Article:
African Roots of the Fiddle and Cultural Exchange in Our Appalachian Mountains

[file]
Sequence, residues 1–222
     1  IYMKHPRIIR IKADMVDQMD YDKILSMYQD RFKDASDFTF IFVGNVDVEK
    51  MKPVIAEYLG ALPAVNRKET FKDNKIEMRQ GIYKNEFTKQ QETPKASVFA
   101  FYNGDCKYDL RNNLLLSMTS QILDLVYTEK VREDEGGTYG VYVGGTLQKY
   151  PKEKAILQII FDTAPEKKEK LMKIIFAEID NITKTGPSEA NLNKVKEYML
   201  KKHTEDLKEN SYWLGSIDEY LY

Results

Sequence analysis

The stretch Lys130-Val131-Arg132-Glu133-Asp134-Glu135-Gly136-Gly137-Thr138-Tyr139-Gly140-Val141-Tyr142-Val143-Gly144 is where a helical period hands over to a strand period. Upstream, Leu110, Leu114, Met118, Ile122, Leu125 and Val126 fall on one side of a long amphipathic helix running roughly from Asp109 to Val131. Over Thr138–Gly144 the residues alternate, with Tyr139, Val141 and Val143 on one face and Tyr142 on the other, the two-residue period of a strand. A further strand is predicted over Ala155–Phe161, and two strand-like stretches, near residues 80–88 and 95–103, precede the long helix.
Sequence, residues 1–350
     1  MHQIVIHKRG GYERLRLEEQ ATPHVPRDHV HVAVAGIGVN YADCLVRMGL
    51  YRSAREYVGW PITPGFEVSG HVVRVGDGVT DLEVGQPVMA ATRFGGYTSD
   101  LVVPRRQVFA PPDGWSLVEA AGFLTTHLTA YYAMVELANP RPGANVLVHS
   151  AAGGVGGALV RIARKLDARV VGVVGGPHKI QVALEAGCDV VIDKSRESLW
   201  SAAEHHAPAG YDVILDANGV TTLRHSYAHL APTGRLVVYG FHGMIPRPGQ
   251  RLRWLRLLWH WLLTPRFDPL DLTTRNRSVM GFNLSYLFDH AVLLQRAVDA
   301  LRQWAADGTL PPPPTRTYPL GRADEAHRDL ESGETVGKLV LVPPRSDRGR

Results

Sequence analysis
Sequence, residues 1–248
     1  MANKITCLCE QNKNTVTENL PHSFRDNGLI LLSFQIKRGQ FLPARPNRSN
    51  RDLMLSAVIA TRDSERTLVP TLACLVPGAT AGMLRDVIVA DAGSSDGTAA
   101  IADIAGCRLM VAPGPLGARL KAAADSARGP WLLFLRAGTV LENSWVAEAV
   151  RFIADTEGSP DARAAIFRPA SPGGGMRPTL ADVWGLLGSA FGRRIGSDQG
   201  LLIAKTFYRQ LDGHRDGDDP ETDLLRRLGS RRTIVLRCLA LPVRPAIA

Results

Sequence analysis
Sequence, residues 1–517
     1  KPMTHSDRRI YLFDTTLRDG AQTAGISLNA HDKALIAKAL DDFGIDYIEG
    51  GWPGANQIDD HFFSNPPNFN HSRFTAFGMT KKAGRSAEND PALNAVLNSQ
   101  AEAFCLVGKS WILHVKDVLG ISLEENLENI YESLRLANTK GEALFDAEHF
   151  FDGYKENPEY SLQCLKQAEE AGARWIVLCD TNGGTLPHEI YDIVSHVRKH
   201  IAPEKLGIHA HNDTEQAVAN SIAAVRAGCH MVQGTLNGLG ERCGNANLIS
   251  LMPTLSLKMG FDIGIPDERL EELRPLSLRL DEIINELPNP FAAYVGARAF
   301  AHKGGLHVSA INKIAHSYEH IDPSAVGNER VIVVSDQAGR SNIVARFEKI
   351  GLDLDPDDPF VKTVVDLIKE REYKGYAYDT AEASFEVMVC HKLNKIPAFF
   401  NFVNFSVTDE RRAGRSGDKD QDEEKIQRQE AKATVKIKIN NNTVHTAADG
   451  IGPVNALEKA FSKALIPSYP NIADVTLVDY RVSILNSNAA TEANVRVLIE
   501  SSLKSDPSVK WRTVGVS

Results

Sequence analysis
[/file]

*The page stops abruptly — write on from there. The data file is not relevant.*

Accustomed to the one-string fiddle in West Africa (Dje Dje), by 1690 in Accomac, Virginia, a black "fiddler was playing for the dances of whites." During the 1700s, blacks became the primary dance fiddlers in the South. In New Orleans, by 1819, blacks had also become the first dance callers and began to replace dancing masters (Jamison 2016, 172; 44-45). Also from NO, the grandfather of renowned TN mountain fiddler John Lusk had passed down a handsome violin and explained that during the 1840s, he had been trained, in the "center for black fiddle music in New Orleans," to be proficient in white dance repertoire, as well as the "sukey jumps" or "kitchen dances" of blacks (Wolfe). Like NEA Heritage Fiddler Joe Thompson, the grandfather and Lusk were two of many black fiddlers who had double repertoires that reflected white as well as black taste. In the 18th C, Scots and Irish musicians brought additional songs and the recently standardized fiddle into the mountains amidst Germans, African, and Cherokee. Black fiddlers also moved into the mountains and contributed to cultural exchange. Enslaved Monk Estill played fiddle for Daniel Boone and others to dance in Boonesborough and won his freedom by 1784. Samuel Mess Johnson escaped from a Maryland plantation on a white horse, and in a log tavern on the first navigable path into the Northwest Territory, by 1798, the future King of France declared "Black Mess" played "the strains of the sweet music from the violin."